Don’t be too business-like, or people will fail to see your company as relatable. If someone complains about your company for whatever reason, he or she should be made to feel that there is a person on the other end of the Internet somewhere who will take the time to write a short apology for their inconvenience and attempt to fix the problem if it is possible.
This requires someone at your company to monitor Twitter for references to your business, and pays dividends in the long run by creating client goodwill. Customers tend to retweet these events and as a result, even more people take note of the company.
Clearly, earning brand ambassadors on Twitter requires you to show your human side. It’s easiest for people to feel connected to brands who use a little humor, ask their followers questions, and transparently address their shortcomings. And once you’ve got people feeling connected to your brand…
A common mistake many companies make on their Twitter feeds is to feed their followers information and not require participation. Everyone wants to feel that their opinion is important, so a good Twitter feed will take advantage of that fact and solicit opinions from followers on all kinds of topics.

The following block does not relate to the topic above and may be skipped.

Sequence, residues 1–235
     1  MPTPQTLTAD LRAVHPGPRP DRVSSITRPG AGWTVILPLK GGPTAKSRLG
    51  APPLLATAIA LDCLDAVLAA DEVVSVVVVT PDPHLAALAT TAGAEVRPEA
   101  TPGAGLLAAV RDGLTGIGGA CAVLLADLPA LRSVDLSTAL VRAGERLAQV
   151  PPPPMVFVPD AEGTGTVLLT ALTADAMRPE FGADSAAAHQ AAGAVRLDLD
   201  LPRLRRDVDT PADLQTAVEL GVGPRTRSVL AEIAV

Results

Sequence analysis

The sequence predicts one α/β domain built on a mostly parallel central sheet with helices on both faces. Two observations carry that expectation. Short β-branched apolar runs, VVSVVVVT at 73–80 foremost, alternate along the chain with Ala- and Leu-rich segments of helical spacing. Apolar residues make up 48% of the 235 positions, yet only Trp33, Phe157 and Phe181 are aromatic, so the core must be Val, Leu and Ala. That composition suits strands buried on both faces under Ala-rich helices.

“Which product is your favorite?” Goes much further than “Our products are consumer favorites!” And asking “What do you think we should name our new product?” Will result in many more responses than, “We are choosing a name for our much-anticipated new product!” Whether the responses that are received end up being used isn’t the point; building rapport is, and people value a company that inquires of the customer.
Followers, in their numbers alone, don’t do you any good unless they’re engaging with your content and posts. Keep them engaged, reply to their mentions, and stay inquisitive to turn regular old followers into Brand Ambassadors!
Many businesses start a Twitter account because it is “the right move” in the current environment, but without engaging the clients, expressing a human quality, creating a reason to return, or holding a specific and predetermined tone, the account goes dormant.
Two or three tweets per day is all that it takes to stay on the customer’s radar and remind them that your business exists and is attempting to create an approachable presence in the Twitter-sphere.
Carry that consistency over to your branding as well: your company’s profile and header photos should clearly show your brand’s logo or name. Coordinating these aspects of your profile is a simple way to leave an all-important impression of your brand on visitors and followers.
Technology and social media only continue to advance, and each form of social media has its own unique challenges to adapt to, but the primary concern for you should always be to ask, “How will the consumer perceive this?” As long as these five simple guidelines inform the way your company handles its social media presence, Twitter will be a great place to build your brand and create your community.
And as long as you pay attention to your followers consistently, you can find and create brand ambassadors that will carry your company’s name to the masses and boost your growth!
How do you show reliability and consistency to your customers?
∗This article by Bryan Rainey originally appeared on the ValidBrands.com. Additions in Italics by Debra Carpenter.